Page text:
HB 1764 by Rep. Todd Hunter, R-Corpus Christi, was approved by the House Government Transparency and Operation Committee last week, but has had difficulty making a House calendar.   It is still possible that the measure could be added to a germane bill that is still moving.  

This bill would clarify a 2013 law which said that public business, even if it is conducted on private electronic devices or in private email accounts, is public record.  Some public officials, however, are refusing to provide these materials to the governmental body to satisfy the requests for that information.  This bill amends the existing law by requiring a government officer or employee in possession of public records to hand that information over to the governmental body upon request.  It also creates a criminal penalty for not doing so which should be helpful as a deterrent to bad actors.

HB 3997 by Rep. Gary Elkins, R-Houston, was not part of the three bills TAB laid out as newsroom priorities at TAB Legislative Day.   When it became apparent that Rep. Elkins, the chairman of the committee that would hear the bill was open to filing it, Open Government advocates jumped at the chance.  The measure sought to allow the Texas Attorney General to prosecute TPIA and TOMA offenses if the local district or county attorney declined to do so.  The bill had its House hearing in late April but ran into serious opposition from the state’s district and county attorneys.  It officially died on Monday because it was not voted out of committee in time to meet a particular House bill deadline.     

Despite the gloom of that one bill, TAB has also been able to make some progress in either stopping or amending bills that would have made newsgathering more difficult.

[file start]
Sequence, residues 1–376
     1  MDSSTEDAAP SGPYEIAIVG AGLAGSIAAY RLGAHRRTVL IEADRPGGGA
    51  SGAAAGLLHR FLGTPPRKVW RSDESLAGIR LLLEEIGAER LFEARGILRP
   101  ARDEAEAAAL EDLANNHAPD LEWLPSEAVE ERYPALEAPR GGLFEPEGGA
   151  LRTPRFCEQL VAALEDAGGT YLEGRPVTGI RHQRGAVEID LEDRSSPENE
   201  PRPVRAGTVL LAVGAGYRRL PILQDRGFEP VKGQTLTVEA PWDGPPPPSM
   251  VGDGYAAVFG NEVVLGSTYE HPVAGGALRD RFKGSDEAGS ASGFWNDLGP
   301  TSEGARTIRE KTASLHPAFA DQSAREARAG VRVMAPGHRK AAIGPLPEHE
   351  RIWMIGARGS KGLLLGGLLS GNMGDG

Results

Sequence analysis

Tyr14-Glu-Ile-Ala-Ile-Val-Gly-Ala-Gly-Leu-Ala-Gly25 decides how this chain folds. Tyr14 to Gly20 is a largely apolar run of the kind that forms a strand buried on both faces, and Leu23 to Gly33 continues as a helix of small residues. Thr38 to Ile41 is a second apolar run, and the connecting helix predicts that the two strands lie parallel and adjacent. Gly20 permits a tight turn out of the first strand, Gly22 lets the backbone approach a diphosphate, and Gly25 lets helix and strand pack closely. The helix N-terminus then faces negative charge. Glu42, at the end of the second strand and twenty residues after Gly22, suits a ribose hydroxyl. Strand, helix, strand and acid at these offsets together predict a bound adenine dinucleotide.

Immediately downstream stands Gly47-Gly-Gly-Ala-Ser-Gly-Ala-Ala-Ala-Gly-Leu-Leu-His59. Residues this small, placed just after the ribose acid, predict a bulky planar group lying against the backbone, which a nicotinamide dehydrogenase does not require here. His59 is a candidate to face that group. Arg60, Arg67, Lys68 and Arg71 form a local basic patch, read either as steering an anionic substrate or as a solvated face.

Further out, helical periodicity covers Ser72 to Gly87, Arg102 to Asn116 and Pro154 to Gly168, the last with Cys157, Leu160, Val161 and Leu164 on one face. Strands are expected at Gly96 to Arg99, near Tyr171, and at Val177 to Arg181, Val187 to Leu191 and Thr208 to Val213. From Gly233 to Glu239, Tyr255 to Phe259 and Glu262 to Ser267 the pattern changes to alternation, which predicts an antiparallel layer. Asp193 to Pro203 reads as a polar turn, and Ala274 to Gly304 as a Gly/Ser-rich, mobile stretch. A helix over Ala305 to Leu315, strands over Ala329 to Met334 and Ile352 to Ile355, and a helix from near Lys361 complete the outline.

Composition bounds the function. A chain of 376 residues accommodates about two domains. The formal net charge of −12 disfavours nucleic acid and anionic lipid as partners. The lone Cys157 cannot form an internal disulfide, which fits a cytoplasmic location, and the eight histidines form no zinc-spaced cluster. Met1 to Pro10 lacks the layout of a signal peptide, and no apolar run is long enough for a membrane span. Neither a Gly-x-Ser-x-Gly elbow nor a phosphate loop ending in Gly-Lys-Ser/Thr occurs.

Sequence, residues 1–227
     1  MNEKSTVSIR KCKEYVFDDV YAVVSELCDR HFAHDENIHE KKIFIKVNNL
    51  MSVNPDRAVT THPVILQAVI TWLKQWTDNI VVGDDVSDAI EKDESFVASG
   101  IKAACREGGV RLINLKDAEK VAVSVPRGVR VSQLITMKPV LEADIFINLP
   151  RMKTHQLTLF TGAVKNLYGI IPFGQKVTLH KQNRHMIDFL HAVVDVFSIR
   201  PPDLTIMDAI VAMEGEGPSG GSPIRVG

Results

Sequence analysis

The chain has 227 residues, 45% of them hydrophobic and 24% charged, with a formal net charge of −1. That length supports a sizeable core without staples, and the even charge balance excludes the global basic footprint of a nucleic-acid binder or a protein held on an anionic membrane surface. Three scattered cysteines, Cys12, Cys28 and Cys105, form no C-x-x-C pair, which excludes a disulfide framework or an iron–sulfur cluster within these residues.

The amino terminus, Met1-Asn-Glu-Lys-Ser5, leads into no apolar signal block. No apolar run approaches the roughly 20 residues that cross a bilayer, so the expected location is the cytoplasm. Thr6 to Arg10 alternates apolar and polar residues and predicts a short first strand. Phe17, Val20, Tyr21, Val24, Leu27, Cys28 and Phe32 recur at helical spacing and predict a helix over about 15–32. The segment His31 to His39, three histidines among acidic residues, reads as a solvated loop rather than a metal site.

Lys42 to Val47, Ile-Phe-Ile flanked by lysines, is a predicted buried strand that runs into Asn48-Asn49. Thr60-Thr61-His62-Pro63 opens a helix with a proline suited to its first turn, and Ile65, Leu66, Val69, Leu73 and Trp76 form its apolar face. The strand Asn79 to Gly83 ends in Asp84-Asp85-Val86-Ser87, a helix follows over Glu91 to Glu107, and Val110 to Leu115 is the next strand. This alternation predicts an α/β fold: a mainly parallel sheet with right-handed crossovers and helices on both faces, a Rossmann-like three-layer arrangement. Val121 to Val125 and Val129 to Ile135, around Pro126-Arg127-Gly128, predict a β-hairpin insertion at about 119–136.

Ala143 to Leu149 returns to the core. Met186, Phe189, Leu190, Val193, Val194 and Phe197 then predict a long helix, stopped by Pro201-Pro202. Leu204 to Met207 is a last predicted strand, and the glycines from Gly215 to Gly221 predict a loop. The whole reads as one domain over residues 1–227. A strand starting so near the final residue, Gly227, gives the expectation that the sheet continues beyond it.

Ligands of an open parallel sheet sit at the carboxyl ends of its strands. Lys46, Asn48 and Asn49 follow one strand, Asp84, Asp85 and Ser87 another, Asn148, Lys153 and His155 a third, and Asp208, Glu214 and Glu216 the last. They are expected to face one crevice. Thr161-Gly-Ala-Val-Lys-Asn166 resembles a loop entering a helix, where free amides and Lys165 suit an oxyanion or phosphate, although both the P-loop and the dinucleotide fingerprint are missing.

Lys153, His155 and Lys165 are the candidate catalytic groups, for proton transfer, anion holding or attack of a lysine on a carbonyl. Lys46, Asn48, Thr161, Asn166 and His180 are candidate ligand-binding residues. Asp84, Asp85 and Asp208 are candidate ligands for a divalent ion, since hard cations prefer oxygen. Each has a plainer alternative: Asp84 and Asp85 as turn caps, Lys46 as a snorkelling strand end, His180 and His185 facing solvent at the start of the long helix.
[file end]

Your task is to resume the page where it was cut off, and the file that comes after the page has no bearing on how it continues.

The most recent example of TAB’s efforts to turn lemons into lemonade occurred last week with the House’s passage of HB 2633 by Rep. Ana Hernandez, D-Houston.

In its original form, it would have prohibited the release to the public some information contained in motor vehicle accident reports.   This measure is an attempt to combat barratry and other types of “ambulance chasing”, but left unchanged, it would have punished those in the media who use accident report information to report on bad road conditions, hazardous intersections, etc. 

TAB, the Texas Press Association and the Freedom of Information Foundation of Texas sought to amend the bill to provide media access to the complete reports, but were unsuccessful initially.  A contentious House hearing didn’t improve the situation. 

At that point, TAB pursued a floor amendment and with the help of Rep. Travis Clardy, R-Nacogdoches, one of the bill’s co-sponsors, language was successfully amended to make the complete reports available to FCC-licensed radio and TV stations as well as general circulation newspapers.  It does so while still achieving its goal of cracking down on barratry.  

It is important to note that Clardy’s help and Hernandez’ agreement to accept the amendment both came after East Texas and Houston broadcasters weighed in with these two lawmakers at TAB’s behest.   It is yet another example of TAB legislative success due to the efforts of Texas broadcasters to seek help from their local lawmakers.

Questions? Contact TAB's Michael Schneider or call (512) 322-9944.